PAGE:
The trouble with the Howard Dean who today ended his candidacy for president wasn't that he was too liberal, or too crazy, or too much of a Washington outsider to win the Democratic nomination. The trouble was that he didn't exist.
Vermont Gov. Howard Dean was a sensible and decent centrist politician whose greatest asset in a potential match-up with President Bush was his record of fiscal conservatism. Indeed, after Sen. Bob Graham, a former Florida governor, departed the race, Dean was the only major Democratic presidential candidate with any substantial management experience at all, unless you counted Gen. Wesley Clark, whose military experience didn't translate well into the political realm, and Dennis Kucinich, who as mayor of Cleveland two decades earlier had presided over its default. Both Clark and Kucinich had been fired from their big management jobs, Clark by Defense Secretary William Cohen and Kucinich by an overwhelming majority of Cleveland voters. Dean, by contrast, had served successfully as Vermont governor for a decade.
Dean had inherited a $65 million deficit from his two liberal predecessors and wiped it out within three years, mainly by cutting spending—not the "rate of spending growth" but the spending itself. Nationally, he'd pointed out the need to limit increases in Medicare spending and to raise the Social Security retirement age, two fiscally responsible positions that he repudiated last year after being attacked by candidate Dick Gephardt. This set a pattern for the Dean campaign. He would distance himself from moderate positions he'd taken as governor, often with an untruthful denial that he'd ever held the position in question, and take a more populist and irresponsible stance instead. In time, this created a hugely popular hologram that purported to be Howard Dean.
Some of the "left-liberal" positions the hologram trumpeted during the campaign were entirely in tune with the real Howard Dean. It was a sober impulse, not a radical one, to oppose sending troops into Iraq while Osama Bin Laden remained at large. Similarly, by supporting civil unions for homosexuals, Dean simply reiterated the support he'd given the nation's first civil union law while governor. As has been widely been noted, lending government sanction to longterm single-sex relationships was a fundamentally conservative gesture.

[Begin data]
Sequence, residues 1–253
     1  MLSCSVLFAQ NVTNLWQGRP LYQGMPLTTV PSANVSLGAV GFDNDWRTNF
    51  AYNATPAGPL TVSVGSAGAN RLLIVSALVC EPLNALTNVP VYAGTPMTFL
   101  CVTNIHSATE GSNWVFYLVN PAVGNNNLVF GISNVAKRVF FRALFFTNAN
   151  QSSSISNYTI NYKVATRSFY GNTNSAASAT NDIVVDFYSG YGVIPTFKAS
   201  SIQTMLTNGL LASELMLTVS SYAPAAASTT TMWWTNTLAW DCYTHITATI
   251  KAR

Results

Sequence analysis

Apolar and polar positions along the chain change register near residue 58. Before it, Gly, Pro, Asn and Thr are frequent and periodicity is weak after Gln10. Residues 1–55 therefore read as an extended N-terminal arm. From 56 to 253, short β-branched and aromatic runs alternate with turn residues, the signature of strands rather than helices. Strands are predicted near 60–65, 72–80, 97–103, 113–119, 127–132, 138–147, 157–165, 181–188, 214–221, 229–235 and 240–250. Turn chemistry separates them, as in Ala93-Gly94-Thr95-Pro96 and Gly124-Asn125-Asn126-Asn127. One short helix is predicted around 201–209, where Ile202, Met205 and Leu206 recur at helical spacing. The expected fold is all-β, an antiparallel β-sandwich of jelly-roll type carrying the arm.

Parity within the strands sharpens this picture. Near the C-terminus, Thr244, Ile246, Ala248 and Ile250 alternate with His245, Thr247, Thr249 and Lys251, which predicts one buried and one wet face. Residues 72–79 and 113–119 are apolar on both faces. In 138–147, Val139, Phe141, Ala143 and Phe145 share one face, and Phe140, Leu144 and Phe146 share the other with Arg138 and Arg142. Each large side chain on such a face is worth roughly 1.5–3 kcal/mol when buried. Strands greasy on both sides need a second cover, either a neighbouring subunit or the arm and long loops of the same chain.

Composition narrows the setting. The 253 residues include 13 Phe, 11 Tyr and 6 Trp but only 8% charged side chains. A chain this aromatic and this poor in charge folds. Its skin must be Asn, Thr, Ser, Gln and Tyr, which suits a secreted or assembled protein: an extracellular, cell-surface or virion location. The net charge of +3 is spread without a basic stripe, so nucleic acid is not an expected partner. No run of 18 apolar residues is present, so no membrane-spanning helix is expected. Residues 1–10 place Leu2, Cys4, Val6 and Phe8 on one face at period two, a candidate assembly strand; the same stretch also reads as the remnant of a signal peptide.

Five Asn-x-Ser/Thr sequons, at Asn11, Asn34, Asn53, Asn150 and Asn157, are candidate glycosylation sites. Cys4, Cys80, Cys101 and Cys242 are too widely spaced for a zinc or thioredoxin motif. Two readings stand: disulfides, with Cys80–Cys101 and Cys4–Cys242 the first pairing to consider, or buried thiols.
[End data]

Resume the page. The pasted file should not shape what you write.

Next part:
But much of the hologram's leftism—for instance, his disavowal of the North American Free Trade Agreement—seemed patently insincere. The hologram's cheapest and most alarming statement was his Dec. 1 suggestion on TheDiane Rehm Show that President Bush had been warned in advance by the Saudis about the Sept. 11 attacks. Conservative commentators correctly pointed out that it was difficult to distinguish this remark from the one that had brought universal condemnation to Rep. Cynthia McKinney, D-Ga., who lost her seat as a result. You can probably trace the unraveling of Dean's campaign to his 9/11 comment. Chatterbox, who was halfway through a Slate column disputing the Washington establishment's notion that, if nominated, Howard Dean would bring the Democrats McGovern-like defeat, lost all confidence in this argument and abandoned it. Even George McGovern, who had seemed to be edging toward a Dean endorsement, threw his support instead to Wesley Clark.
In announcing his withdrawal from the race, the hologram pretended that Dean's failure was due to the "enormous institutional pressure in our country against change." The real Howard Dean surely knows better. It's true that the establishment media made far too much of Dean's untelegenic speech to his supporters after his Iowa defeat and of his wife's reluctance to play the Barbie doll spouse on the campaign trail. (It subsequently repented on the latter point but stuck to its guns on the former.) But the hologram's real problem wasn't that Dean sounded too angry or too far left. It was that he was getting harder and harder to believe.
Dean's influence on the presidential contest will be much discussed in coming days, and certainly it's true that the other candidates have been wise to accommodate themselves more fully to the World Wide Web, from which the hologram harvested a fortune in small donations. But John Kerry, who's worked hard to co-opt the hologram's phony populism, might want to rethink his strategy. Kerry makes an even less convincing populist than Dean, and the press and the Bush White House have already started calling him on it. Kerry would do better to be himself. The real John Kerry is nowhere near as appealing as the real Howard Dean, but he's a lot easier to like than the phony Kerry—or, for that matter, the phony Dean.